BY CHI HUI YANG
The family-run Chinese restaurant is a global icon of immigration, community and good (or bad) food. They dot even the most remote of landscapes, as cultural outposts of brave sojourners, the bringers of dim sum, fortune cookies and unimagined culinary hybrids. A harder look inside, however, reveals a complicated history of cultural migration and world politics.
The “Cathay Houses” and “Golden Dragons” which populate towns and cities from Africa to South America are intricately bound up in the social schisms and political movements that propelled the world into the 20 th century and beyond. Indeed, an alternate history of the past century with Chinese restauranteurs as its protagonists allows a very different take on world history – one which examines the role of Chinese immigrants as instigators, spreading world-wide and pulling politics, culture and capital wherever they go.
This enormous human movement, the diaspora of millions of Chinese who have for hundreds of years (though primarily in the 20 th century) migrated to almost every corner of the world imaginable, was both in reaction to, and an agent in moving forward many larger processes; from the push-pull of capitalism and communism, to the related political complexities of the Three Chinas (Mainland China, Hong Kong and Taiwan), to the growing globalization of labor, culture and capital.
In his ground-breaking Chinese Restaurants series, Cheuk Kwan draws out this global narrative by linking together the myriad personal stories of chefs, entrepreneurs, laborers and dreamers who populate kitchens world-wide. At the core of his exploration, is the examination of an intriguing paradox, which characterizes almost all of the Chinese communities he documents, from Israel to Brazil .
That is, how at once, Chinese immigrants have resisted (or have been prevented from) complete assimilation into the social fabric of their new homes and maintained a strong sense of cultural identity, but at the same time, how the engine to their economic survival, the Chinese restaurant and its food, have become seamlessly woven into it, an essential and second-nature facet of modern life.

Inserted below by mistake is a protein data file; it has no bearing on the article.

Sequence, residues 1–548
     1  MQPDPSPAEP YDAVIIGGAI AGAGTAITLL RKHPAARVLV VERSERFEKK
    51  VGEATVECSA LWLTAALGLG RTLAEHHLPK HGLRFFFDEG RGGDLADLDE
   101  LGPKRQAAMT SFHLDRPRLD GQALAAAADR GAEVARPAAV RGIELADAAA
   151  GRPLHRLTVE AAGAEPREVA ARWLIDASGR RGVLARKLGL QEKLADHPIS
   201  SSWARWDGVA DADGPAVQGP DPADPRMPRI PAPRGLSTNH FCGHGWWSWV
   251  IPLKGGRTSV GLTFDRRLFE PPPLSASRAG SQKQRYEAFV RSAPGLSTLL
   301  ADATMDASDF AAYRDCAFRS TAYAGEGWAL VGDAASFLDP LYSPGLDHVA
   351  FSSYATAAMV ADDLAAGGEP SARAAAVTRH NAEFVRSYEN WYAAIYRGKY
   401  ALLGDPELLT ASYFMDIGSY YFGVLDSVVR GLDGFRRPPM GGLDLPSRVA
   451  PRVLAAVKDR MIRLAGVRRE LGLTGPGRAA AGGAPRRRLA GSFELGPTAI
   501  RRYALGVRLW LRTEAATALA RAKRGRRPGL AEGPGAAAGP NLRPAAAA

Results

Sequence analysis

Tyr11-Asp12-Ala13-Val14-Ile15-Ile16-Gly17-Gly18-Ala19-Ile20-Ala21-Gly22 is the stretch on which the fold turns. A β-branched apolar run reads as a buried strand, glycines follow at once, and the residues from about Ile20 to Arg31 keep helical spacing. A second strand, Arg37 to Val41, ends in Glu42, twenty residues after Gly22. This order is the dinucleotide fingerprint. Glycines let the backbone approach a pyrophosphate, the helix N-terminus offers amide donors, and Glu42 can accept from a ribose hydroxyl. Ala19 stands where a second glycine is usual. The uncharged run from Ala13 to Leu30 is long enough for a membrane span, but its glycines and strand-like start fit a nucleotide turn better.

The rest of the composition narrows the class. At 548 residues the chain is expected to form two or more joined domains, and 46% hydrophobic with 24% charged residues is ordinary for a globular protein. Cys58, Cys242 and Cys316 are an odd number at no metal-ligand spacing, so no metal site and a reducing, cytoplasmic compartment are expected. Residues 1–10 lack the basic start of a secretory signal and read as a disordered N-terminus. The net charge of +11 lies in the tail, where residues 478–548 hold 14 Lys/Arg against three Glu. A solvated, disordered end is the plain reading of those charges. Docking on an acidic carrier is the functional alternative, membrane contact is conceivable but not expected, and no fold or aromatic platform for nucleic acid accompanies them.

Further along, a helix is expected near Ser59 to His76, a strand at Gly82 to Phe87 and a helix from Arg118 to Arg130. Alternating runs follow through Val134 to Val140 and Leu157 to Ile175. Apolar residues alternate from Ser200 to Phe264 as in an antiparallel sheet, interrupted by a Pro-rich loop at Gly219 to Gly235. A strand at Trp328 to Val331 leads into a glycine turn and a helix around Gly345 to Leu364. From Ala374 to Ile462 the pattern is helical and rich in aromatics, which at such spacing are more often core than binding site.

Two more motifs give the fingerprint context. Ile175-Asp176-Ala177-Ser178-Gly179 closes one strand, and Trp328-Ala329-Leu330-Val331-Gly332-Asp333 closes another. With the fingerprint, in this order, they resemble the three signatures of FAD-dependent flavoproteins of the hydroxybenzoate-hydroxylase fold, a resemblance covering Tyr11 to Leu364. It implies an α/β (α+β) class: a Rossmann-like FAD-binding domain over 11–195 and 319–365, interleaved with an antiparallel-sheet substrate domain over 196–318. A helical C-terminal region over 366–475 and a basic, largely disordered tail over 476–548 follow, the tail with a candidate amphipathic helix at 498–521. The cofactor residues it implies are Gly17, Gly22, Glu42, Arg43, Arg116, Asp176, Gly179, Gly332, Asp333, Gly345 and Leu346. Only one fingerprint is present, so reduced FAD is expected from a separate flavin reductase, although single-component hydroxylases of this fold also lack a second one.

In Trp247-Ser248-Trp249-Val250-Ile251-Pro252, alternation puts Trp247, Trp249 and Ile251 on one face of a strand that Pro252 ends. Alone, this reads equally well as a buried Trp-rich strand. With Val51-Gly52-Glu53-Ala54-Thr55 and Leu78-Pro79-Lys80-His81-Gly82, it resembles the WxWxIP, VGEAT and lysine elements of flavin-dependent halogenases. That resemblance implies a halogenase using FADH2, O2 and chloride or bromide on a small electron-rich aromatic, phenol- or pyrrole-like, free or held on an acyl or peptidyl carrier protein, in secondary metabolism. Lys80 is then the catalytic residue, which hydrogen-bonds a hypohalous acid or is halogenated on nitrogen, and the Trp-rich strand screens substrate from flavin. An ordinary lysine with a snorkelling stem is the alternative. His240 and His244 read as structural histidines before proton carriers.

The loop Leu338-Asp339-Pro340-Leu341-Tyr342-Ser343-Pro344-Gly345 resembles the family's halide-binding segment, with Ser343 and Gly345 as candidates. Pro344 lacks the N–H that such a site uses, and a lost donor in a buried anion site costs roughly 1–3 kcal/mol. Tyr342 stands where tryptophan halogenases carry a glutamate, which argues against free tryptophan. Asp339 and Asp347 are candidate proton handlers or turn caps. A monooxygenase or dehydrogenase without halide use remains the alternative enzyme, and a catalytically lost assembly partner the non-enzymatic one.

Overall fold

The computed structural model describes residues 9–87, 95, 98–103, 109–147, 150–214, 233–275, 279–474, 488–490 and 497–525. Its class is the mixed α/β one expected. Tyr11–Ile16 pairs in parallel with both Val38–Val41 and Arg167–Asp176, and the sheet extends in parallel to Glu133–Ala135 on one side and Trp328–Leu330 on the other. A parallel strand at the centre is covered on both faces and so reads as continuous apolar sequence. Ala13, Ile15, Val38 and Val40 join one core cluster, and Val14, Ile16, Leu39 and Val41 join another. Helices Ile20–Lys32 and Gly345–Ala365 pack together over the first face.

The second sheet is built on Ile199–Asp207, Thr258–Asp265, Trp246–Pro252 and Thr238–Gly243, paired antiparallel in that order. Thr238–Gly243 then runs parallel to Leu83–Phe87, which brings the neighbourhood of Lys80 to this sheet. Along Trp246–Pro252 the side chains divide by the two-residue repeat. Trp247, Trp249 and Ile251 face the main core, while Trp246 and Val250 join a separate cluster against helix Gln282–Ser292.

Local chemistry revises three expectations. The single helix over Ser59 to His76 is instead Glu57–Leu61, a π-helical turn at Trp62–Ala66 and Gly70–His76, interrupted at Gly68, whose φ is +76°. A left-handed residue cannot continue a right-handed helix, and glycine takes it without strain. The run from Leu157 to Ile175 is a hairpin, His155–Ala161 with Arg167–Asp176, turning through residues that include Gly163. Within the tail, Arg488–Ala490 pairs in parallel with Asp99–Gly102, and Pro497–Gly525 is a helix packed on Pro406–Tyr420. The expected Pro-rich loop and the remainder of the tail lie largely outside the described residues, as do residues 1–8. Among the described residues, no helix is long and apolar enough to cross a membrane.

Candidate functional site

As Kwan travels from the jungles of the Amazon to the rural towns of Madagascar , the tension inherent in this paradox is continually challenged. Illustrated by the stories of dozens of charismatic subjects, Chinese Restaurants draws a through-line from the local to the global, both answering questions and provoking new ones along the way.
Why and how, across multiple generations and thousands of miles, have Chinese immigrants retained such strong connections to culture when so many others have more easily or readily assimilated? The answers are not so easy to come up with, but what is clear, is that despite enormous differences in surroundings and circumstances, this is a question common to many Chinese immigrants. The third-generation, bi-racial youngsters of the Wang family of Istanbul, Turkey, one of the oldest and most established families Kwan documents, face many of the same questions and pressures that the Wongs of Tromsø, Norway face, though the latter are new arrivals from Hong Kong. Neither family is fully Turkish, Norweigian or Chinese, but stand out in their new homes, and straddle the fine line between adopting a new culture, and maintaining their own.
On the other hand, how did the Chinese restaurant become a global icon accepted as a natural fixture of any setting, just as its proprietors are not? When did people around the world start craving Chinese food just as much as the Chinese immigrants who could make it needed jobs? In Peru, Luis Yong’s Chinese cooking television show is a hit, interestingly, just as the shows of countless counterparts in other parts of the world are as well, and in Buenos Aires, the cooking of Foo-Ching Chiang, the “Spring Roll King of Argentina”, is adjusted to the palates of his clientele in quite similar ways to that of Maurice Soong, owner of Trinidad’s Great Wall Restaurant.
As entertaining as it is eye-opening, Chinese Restaurants maps out an atlas of the Chinese diaspora, and charts the synergy of politics, culture and family that have created its incredible stories. Always changing and adapting, the folks behind the counters, the forces bringing them around the globe, and of course the food itself, are forever in-progress, continually shaped by the world surrounding them but, at this moment, captured on-screen for us to take in.
Chi-hui Yang is the Director of the San Francisco International Asian American Film Festival, a presentation of the Center for Asian American Media.